How to Prepare for an External Tax Audit

Estimated reading time: 2 mins

While SMEs may have access to a wider and more innovative range of funding options in the modern age, many are still struggling to source capital through their preferred lender.

In fact, just four out of 10 SMEs have secured funding through a chosen channel or lender in recent times, while a further 34% have claimed that the level of capital available to them was not enough to fund their precise investment plans.

Given this entrepreneurs are having to manage their capital carefully in the current climate, while ensuring that they remain tax compliant and avoid long-term sanctions. In this post, I’ll look at how you can prepare for an external tax audit and ensure that you achieve the best results for your business.

1. Determine Which Type of Audit it Taking Place

While the word “audit” is well known to entrepreneurs, few are aware that there are different types of process that may be conducted by the HMRC.

In fact, there are three types of audit available, namely correspondence audits, office audits and field audits. The former deals with verification and additional documentation in relation to error corrections, while office audits demand that the tax payer meets with a designated official and presents their financial reports.

In the case of the latter, tax officials visit your place of business and undertake a comprehensive audit of your finances. This is the most renowned type of audit, and one that requires the highest level of preparation from business-owners.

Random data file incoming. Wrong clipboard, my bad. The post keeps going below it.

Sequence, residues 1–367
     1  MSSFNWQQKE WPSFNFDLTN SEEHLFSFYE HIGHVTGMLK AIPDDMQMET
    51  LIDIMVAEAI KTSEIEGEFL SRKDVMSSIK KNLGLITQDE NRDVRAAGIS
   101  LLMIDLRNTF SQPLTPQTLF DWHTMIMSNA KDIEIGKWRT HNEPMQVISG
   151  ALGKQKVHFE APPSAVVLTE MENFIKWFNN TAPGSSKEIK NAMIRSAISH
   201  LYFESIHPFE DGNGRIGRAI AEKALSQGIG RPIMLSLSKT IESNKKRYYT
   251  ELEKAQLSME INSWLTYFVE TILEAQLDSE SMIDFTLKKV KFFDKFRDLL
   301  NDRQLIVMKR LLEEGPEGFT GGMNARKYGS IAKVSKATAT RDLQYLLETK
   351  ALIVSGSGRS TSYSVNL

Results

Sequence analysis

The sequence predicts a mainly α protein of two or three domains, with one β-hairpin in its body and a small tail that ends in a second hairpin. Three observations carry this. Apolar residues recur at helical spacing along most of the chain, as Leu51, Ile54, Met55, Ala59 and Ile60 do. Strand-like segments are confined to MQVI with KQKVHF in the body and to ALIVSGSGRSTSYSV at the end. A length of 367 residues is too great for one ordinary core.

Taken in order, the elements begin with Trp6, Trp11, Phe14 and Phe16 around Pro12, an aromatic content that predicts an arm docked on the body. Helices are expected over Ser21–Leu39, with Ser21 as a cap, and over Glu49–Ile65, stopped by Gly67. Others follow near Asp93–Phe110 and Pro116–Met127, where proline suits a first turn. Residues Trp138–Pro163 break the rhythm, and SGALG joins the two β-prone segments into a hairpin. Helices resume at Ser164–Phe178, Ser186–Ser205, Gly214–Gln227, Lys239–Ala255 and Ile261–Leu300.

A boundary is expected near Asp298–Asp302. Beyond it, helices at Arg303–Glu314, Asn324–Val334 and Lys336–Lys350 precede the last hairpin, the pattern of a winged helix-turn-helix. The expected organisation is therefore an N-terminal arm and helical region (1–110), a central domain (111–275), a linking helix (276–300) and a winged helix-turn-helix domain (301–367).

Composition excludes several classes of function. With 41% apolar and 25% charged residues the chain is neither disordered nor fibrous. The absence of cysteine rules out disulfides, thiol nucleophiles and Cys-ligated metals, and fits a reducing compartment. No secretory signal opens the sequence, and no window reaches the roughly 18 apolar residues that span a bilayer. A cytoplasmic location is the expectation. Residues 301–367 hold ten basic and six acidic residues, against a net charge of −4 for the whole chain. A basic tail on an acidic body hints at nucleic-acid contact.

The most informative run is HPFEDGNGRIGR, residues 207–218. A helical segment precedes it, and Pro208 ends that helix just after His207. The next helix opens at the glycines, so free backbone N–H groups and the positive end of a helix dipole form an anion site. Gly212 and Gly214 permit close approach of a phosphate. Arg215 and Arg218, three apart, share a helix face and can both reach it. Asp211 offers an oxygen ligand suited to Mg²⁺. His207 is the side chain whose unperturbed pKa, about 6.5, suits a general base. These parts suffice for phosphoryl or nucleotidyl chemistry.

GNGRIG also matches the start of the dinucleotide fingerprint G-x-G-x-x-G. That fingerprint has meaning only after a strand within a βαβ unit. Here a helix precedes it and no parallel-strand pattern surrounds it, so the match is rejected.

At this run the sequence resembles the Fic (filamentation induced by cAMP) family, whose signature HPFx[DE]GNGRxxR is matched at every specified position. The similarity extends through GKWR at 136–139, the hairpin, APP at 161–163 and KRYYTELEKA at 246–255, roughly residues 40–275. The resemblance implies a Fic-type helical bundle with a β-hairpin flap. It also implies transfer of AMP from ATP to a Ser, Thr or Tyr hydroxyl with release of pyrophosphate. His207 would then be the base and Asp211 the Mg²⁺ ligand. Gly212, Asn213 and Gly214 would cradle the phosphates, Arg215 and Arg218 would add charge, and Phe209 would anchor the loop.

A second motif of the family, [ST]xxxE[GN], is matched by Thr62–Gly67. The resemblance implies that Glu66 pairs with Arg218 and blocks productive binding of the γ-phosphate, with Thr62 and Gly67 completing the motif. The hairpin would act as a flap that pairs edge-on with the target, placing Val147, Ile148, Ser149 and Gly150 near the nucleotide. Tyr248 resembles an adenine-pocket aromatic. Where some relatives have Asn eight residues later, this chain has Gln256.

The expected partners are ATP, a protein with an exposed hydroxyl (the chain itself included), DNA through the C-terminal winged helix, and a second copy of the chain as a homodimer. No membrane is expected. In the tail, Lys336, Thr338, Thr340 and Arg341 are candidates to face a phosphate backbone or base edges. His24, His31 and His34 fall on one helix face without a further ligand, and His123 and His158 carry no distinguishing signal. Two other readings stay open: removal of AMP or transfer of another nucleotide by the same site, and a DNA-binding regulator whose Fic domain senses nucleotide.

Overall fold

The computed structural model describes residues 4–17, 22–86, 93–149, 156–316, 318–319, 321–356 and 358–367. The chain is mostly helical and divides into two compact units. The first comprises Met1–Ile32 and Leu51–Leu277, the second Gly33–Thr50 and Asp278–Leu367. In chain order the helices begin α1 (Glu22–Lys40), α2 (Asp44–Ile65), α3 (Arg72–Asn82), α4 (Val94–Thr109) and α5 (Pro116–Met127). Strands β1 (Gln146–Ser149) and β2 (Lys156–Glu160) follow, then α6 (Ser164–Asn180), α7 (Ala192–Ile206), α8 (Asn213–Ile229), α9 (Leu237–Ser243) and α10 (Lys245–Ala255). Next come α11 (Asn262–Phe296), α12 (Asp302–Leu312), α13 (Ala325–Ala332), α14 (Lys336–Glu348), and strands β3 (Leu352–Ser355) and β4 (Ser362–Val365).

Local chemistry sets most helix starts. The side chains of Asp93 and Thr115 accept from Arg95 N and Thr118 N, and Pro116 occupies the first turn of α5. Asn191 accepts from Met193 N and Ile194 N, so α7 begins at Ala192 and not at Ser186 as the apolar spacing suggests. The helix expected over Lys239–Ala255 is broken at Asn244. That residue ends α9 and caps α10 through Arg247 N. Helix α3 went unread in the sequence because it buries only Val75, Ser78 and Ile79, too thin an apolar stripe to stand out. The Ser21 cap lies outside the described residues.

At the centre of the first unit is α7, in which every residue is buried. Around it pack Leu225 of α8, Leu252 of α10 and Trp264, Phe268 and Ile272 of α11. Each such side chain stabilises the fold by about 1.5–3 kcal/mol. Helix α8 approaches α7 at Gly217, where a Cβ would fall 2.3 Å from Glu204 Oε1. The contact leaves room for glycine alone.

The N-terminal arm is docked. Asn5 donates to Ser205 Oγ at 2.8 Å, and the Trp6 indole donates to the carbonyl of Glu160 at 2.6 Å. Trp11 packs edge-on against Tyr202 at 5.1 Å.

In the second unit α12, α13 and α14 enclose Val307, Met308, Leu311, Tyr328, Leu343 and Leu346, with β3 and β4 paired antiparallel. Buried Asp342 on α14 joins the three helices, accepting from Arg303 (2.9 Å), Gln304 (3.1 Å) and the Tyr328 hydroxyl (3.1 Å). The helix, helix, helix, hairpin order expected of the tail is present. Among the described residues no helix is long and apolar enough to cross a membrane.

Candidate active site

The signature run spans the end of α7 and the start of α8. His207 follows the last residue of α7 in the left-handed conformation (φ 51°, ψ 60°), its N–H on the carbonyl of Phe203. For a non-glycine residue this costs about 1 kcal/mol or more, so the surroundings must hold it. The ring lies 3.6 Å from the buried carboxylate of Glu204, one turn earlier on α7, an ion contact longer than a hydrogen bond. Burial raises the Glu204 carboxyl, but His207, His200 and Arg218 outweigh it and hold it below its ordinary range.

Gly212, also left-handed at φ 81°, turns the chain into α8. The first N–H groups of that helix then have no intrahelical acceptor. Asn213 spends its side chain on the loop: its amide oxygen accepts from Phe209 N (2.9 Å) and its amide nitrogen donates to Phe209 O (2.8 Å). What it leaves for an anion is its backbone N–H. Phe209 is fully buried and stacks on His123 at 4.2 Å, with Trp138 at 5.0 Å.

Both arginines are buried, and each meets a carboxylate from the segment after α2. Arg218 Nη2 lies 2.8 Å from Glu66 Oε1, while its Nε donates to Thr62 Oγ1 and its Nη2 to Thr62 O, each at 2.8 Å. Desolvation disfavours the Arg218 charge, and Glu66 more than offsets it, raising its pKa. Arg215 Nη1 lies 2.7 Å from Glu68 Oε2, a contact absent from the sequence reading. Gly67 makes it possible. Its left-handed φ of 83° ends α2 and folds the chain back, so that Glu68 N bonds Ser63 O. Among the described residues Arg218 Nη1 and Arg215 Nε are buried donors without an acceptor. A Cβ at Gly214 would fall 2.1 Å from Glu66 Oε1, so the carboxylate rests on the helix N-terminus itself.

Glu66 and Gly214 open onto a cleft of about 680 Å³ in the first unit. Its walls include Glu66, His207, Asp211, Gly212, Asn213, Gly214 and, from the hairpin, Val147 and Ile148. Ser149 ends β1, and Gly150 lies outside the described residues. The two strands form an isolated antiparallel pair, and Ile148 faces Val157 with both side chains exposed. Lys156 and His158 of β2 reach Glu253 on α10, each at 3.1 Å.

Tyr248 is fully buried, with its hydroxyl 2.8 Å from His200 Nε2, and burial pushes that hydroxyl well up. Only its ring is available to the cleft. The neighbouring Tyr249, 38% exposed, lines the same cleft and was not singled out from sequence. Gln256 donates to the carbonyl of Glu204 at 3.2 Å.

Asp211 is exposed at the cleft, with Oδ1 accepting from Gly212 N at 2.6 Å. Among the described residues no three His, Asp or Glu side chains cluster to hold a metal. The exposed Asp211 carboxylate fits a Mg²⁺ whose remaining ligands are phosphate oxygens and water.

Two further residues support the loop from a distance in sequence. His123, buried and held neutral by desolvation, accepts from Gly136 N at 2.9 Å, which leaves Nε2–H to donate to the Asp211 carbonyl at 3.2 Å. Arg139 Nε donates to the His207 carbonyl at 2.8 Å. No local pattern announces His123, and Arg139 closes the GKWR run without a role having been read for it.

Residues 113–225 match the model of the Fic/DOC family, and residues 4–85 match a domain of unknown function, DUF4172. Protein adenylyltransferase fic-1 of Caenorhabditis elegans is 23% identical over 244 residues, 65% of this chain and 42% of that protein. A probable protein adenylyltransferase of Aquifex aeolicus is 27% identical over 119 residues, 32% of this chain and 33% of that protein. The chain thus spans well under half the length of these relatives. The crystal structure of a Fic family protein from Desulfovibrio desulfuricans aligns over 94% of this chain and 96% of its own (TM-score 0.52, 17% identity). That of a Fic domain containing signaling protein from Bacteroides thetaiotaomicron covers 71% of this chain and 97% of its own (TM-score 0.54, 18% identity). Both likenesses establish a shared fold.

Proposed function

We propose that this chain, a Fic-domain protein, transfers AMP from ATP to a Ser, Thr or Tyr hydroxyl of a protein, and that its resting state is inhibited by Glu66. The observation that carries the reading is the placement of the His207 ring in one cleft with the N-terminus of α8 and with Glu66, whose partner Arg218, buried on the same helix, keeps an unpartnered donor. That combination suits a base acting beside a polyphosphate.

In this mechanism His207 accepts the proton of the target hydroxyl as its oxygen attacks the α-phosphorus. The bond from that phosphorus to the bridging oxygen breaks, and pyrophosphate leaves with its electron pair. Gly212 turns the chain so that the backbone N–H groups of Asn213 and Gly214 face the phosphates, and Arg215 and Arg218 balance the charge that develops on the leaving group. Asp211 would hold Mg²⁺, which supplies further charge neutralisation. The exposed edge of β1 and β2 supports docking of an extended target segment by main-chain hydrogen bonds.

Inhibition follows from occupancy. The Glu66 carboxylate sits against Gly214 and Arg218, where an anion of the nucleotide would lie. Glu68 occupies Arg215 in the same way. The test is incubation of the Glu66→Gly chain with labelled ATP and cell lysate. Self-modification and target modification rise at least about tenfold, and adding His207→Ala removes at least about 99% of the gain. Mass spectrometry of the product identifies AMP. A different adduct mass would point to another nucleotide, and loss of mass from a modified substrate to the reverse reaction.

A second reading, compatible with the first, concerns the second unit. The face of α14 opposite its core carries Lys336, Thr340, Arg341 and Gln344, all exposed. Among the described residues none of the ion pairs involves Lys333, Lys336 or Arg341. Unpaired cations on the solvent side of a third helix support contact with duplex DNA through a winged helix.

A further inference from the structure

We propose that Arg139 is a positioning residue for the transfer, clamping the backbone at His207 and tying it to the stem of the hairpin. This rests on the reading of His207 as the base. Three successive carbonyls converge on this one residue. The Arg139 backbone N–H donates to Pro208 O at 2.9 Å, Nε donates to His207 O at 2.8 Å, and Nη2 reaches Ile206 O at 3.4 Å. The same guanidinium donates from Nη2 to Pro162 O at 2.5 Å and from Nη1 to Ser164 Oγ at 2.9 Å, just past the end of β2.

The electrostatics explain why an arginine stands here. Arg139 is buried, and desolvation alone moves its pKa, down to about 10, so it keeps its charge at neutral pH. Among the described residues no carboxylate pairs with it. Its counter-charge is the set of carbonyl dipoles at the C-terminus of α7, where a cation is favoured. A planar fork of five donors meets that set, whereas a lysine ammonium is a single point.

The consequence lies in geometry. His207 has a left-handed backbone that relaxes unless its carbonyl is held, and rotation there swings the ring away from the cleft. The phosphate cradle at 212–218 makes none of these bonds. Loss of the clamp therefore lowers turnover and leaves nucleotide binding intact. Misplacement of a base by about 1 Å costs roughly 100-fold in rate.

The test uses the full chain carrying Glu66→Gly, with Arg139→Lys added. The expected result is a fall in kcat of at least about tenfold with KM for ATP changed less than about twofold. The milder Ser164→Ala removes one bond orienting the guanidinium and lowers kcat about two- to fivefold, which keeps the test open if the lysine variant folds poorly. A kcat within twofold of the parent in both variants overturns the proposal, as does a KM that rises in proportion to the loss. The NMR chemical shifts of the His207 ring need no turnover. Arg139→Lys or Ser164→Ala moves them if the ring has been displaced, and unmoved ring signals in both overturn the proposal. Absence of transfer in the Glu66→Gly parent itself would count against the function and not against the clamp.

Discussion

2. Get Your Records in Order

This is the most important part of your preparation, as organising your records and refining your reporting processes helps you to avoid any unnecessary sanctions and fiscal penalties.

More specifically, I’d recommend organising your finances by year and type, as you look to distinguish between income, expenses and pension funds. Also, it’s crucial that you make sure that all relevant records are made available to auditors, as this will expedite the process and contribute towards a more positive results.

To help with your preparation, it may be worth engaging the services of firms such as RSM. They can complete comprehensive and objective audits on your behalf, identifying any potential inefficiencies or discrepancies before you present your records to HMRC.

3. Distinguish Between Intentional and Unintentional Failures

This is also an important consideration, as while all compliance failures are likely to be sanctioned by HMRC, the body is far more likely to be lenient if you’re able to distinguish between intentional and unintentional mistakes.

If you can prove that the lack of records for a specific year is an unintentional oversight, for example, you are more likely to avoid heavy fines and punishing sanctions. Conversely, errors that are thought to be intentional will be met with heavy fines, so it’s imperative that you avoid this at all costs.

Understanding the differences between failures is a key part of your preparation for an external audit, as you look to mitigate any potential issues and the impact that they have on your venture.

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